Insurance coverage

SBA disaster loans versus insurance coverage after Louisiana hurricane

Louisiana experiences many types of natural disasters, but hurricanes pose the biggest threat, wreaking havoc on the coastal state every year. The impact of hurricane damage on businesses and homeowners can be devastating. homes are flooded, store inventory is destroyed, and high winds and debris batter roofs and windows. The cost of Louisiana hurricanes is high, and even those with insurance often have to pay significant expenses to recover.

Preparing for a hurricane is crucial. Trends over the past two decades have shown that the number of hurricanes has increased, along with their strength, leaving more people to pick up the pieces after a storm. In addition to having adequate home and business insurance, everyone should follow a hurricane preparedness checklist to make sure they’re prepared for a storm – and know what to do before and after.

Hurricanes can temporarily or permanently displace homeowners; structures and properties often require numerous repairs to make them habitable and safe. Personal property can be destroyed or lost, and water damage from hurricanes can cause financial loss and pose serious health risks due to dangerous, rapidly spreading mold growth.

The cost of repairing or rebuilding following a hurricane in Louisiana can be in the thousands of dollars, even hundreds of thousands or more. While every homeowner and business owner should have insurance, along with wind and flood damage coveragecollection of insurance proceeds is time consuming and requires extensive proof of loss.

Often the insurance does not cover the full amount of losses. Yet the average person cannot afford to pay out of pocket to repair properties and replace items. In these situations, disaster assistance in the form of physical disaster loans from the United States Small Business Administration (SBA) can help people recover quickly and without serious financial pressure.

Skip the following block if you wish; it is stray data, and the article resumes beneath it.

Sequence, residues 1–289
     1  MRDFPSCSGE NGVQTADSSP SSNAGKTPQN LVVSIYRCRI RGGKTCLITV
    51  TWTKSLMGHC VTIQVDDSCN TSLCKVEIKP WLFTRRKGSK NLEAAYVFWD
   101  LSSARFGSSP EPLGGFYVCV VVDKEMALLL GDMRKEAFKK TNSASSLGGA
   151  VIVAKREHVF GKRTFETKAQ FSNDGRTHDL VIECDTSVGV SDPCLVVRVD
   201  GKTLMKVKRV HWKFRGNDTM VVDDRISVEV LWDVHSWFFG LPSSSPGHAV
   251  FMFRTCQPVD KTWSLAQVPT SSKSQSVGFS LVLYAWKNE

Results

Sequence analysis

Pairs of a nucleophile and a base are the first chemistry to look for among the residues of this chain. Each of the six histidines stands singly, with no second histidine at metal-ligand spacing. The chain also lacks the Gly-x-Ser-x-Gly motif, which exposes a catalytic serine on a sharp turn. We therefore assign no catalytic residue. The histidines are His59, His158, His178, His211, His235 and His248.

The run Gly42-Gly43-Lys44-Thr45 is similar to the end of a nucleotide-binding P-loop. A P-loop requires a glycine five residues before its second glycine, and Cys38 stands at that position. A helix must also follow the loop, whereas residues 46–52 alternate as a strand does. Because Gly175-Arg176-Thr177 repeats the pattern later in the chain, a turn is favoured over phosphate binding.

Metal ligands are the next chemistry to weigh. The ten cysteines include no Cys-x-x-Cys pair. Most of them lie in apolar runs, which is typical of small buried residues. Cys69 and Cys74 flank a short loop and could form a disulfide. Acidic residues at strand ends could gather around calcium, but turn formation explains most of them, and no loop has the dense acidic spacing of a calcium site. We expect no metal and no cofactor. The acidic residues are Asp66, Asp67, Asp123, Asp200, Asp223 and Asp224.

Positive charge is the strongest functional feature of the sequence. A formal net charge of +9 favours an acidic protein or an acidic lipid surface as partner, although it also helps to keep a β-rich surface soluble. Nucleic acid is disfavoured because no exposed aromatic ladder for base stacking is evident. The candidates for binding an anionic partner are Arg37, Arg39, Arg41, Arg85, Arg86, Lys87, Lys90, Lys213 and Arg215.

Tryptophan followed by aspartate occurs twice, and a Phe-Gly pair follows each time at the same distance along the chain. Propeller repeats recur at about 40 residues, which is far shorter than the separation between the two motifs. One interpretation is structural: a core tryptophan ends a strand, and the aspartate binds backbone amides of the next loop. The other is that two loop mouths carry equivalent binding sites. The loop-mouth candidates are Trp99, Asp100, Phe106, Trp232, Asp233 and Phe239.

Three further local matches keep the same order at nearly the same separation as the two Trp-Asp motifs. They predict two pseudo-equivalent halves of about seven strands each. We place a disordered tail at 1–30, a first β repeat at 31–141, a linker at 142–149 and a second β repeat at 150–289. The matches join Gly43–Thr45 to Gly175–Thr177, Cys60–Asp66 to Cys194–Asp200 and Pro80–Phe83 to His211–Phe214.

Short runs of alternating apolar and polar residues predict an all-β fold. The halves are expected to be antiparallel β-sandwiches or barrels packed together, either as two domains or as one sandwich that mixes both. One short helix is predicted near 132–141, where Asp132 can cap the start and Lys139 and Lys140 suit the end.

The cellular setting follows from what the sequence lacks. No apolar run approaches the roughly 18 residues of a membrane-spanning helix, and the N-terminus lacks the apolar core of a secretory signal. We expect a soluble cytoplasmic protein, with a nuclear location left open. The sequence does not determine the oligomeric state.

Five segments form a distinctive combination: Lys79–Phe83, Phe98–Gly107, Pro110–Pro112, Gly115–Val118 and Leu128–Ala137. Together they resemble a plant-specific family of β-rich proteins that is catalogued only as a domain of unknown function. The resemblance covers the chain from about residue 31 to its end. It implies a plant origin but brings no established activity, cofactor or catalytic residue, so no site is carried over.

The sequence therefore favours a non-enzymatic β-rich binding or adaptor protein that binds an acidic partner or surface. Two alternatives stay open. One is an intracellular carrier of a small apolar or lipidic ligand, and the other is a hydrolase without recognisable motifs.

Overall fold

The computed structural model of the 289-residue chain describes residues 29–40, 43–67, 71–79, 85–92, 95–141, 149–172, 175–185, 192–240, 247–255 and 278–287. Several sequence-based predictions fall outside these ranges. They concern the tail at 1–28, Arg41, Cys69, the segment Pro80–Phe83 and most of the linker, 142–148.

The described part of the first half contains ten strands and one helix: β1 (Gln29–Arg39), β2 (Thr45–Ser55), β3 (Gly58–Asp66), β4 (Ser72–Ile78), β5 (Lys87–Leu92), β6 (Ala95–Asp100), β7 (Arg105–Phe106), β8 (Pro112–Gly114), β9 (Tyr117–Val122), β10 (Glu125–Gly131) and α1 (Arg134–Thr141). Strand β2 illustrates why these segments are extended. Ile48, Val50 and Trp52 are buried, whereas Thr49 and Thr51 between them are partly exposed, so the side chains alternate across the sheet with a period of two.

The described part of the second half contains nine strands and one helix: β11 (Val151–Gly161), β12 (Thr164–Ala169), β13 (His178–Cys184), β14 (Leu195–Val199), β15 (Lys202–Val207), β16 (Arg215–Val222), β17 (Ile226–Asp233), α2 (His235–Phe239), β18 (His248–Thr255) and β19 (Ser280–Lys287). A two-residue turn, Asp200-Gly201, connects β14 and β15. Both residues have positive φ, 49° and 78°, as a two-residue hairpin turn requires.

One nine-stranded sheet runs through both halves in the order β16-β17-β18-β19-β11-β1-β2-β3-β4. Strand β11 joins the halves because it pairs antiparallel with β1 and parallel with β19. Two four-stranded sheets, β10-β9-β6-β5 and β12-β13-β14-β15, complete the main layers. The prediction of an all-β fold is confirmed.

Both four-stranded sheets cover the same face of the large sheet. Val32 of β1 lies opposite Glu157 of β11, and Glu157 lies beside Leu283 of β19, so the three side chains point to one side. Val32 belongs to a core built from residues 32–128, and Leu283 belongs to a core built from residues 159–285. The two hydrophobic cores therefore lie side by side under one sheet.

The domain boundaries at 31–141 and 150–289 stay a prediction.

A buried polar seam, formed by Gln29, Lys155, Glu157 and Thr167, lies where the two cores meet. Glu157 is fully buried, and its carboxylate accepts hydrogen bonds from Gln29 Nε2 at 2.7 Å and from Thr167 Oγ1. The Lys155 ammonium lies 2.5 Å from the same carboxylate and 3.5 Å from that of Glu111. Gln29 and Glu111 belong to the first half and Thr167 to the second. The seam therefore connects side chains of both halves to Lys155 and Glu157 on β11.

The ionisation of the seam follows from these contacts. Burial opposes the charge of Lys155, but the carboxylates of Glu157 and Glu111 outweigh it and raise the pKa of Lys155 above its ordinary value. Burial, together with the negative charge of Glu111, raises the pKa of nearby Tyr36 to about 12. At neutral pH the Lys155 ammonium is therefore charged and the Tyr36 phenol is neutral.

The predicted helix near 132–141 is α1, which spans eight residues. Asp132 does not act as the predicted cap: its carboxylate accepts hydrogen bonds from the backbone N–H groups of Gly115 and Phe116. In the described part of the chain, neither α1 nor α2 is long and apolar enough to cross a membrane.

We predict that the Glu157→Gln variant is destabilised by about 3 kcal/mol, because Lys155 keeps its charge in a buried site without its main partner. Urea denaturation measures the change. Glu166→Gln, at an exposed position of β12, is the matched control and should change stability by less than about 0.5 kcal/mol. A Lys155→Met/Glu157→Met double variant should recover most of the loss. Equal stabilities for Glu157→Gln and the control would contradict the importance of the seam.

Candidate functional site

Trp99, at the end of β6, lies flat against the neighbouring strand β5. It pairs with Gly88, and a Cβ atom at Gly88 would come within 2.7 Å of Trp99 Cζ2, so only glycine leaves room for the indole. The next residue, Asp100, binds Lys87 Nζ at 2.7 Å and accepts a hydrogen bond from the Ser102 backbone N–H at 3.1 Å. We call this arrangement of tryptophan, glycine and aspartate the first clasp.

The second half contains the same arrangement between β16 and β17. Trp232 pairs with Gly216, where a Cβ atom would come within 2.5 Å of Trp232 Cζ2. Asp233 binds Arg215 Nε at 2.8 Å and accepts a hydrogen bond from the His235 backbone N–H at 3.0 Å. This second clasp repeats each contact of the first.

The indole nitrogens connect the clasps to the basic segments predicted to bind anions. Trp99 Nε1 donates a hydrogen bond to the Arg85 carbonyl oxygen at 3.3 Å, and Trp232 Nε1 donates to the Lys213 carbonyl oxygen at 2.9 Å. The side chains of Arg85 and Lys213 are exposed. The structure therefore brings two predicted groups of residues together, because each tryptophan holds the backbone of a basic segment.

What are SBA Physical Disaster Loans?

With the increasing devastation caused by hurricanes in Louisiana, many home and business owners are dealing with damages that cost more than their insurance policy covers. One solution is to apply for a physical disaster loan or an economic injury loan.

These SBA loans provide assistance to homeowners, renters, nonprofits, and businesses in the form of long-term, low-interest loans that can be requested after a hurricane. Those who live or own a business in a declared disaster area may be eligible for a physical disaster loan, also known as a physical damage loan, to help cover the cost of repairs and reconstructions, as well as damaged personal property or lost.

Disaster loans for homeowners

Property damage loans help homeowners who are unable to afford the costs associated with certain natural disasters, including hurricanes, that are not covered by insurance. But there are eligibility requirements and limitations:

  • Loans cannot be used for vacation properties or second homes.
  • Owners must live in a declared disaster area.
  • Loans cannot be used to retrofit or make additions to homes beyond building codes.

Homeowners can apply for up to $200,000 loan. Those who want to make improvements that would help prevent future property damage from storms may be eligible for additional assistance. Additionally, landlords and tenants could claim up to $40,000 to repair or replace personal property, such as clothing, furniture, and vehicles.

The low interest rate and long-term payment schedule are very attractive; the interest rate on property damage loans to homeowners unable to obtain credit from another source does not exceed 4%, and the repayment term is up to 30 years.

Business Disaster Loans

For businesses and most private nonprofit organizations, SBA Physical Disaster Assistance can help repair hurricane damage not covered by insurance. However, insurance proceeds affect the amount companies receive.

Since many Louisiana businesses suffer damage from hurricanes each year, this type of loan may be the best solution when dealing with additional costs. Loans can be up to $2 million, with an interest rate of no more than 4% for homeowners unable to obtain financial assistance elsewhere and an interest rate of 8% for those who can.